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HOME : Islamic Art : AS Collection Consignment : Green Glazed Incised Bowl
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Green Glazed Incised Bowl - LK.047
Origin: Central Asia
Circa: 1300 AD to 1400 AD
Dimensions: 2.7" (6.9cm) high x 8.6" (21.8cm) wide
Collection: Islamic Art
Medium: Fritware


Additional Information: AS

Location: Great Britain
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Description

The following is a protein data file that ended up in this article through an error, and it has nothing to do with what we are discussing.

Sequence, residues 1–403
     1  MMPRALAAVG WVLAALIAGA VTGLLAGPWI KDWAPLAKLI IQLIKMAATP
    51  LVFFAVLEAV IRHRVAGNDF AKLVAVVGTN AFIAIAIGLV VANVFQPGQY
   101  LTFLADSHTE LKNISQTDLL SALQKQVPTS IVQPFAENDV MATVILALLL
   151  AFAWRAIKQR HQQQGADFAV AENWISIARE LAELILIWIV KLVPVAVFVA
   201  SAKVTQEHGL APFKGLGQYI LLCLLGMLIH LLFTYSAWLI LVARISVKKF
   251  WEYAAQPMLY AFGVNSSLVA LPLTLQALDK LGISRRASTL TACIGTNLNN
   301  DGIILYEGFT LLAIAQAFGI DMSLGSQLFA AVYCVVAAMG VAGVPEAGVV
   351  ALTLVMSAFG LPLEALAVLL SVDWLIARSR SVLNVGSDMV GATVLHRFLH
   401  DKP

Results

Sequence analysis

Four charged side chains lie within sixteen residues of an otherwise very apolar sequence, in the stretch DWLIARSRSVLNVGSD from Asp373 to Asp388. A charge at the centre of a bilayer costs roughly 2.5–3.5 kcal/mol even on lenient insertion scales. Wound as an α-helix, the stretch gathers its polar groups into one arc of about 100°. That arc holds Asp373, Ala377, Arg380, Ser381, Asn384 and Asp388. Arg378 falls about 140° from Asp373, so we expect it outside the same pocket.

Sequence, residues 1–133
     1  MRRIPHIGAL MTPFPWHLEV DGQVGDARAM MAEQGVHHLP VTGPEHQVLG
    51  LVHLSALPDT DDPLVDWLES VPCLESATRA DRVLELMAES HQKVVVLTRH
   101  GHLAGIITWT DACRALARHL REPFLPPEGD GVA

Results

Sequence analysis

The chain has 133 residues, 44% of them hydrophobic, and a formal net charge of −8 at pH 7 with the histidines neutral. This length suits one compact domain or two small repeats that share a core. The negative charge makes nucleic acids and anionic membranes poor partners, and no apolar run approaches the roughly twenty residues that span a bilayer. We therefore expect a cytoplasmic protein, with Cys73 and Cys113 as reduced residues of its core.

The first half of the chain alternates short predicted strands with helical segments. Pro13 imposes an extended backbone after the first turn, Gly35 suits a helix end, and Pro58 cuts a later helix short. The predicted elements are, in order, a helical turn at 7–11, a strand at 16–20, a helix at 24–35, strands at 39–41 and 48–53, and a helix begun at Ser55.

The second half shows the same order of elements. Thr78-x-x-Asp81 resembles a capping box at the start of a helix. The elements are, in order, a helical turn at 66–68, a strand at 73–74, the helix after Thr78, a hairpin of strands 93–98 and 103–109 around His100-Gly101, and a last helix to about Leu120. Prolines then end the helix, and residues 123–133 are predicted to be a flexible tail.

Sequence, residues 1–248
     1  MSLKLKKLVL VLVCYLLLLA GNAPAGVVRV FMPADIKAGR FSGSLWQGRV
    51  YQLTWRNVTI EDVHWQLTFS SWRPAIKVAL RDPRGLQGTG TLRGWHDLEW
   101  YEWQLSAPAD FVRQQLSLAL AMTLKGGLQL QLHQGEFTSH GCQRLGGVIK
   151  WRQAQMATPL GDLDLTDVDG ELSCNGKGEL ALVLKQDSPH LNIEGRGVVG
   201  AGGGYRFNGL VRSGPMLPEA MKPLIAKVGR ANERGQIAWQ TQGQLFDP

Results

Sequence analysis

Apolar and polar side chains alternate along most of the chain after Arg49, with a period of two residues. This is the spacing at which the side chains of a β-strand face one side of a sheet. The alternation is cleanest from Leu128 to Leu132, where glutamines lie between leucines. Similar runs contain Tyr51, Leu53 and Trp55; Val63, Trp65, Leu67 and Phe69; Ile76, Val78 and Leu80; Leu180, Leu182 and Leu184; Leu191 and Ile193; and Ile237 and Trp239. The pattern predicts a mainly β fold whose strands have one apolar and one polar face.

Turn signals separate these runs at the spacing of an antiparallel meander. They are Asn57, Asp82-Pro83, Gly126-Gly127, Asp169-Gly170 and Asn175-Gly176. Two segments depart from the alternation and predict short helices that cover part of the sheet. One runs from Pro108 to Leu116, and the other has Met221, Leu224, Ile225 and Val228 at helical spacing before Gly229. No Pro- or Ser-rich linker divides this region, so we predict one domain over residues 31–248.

Thrown, red earthenware bowl incised through white-slip beneath green glaze over whole; figure on horseback occupies entire bowl; birds, in the field; wave motif to rim. Superb condition, intact. Ilkhanid or Timurid? During 14th century Central Asia was the stage for great power transfers. Having usurped control from the Mongols The 14th century marks a moment of great change in Central Asia as Timur, a Turco-Mongol leader usurps control from the Mongols and establishes himself as sovereign in AD 1369. Within 35 years he has included greater Iran and Iraq and parts of southern Russia and the Indian subcontinent within Timurid domain. The nomadic culture of Central Asia – a region that today denotes Kazakhstan, Kyrgyzstan, Tajikistan, Turkmenistan, Uzbekistan & Afghanistan - fused with the settled culture of Iran and an entirely new visual language emerged, inspired by Persian culture and serving to glorify the Timurid ruler and articulate their commitment to Islam. By bringing craftsmen from different conquered lands to his capital in Samarkand, Timur ushered in one of the most brilliant periods in Islamic art. There had been a tradition for incised ware in Iran since 10th century. Scenes of figures on horseback are also depicted on Iranian ceramics of preceding centuries. Ornate trappings and horse blanket constitute an accurate historical index. Design is well laid out. Lively and spontaneous; by comparison the earlier incised wares can look mannered and laboured. Drips of glaze to rim indicate bowl was fired upside- down. Earthenware, represents the highpoint of this technique just as it was being all but replaced in the Islamic world by the new frit-bodied wares during 13th century. 12th century saw a revival in Syria of decorated earthenwares at the same time as the introduction of fritware. Tradition for incised wares in Egypt during 14th century. Mamluk? Figural decoration becomes secondary during this time. Replaced by Mamluk heraldic designs and inscriptions. Close connection with contemporary metalwork. - (LK.047)

 

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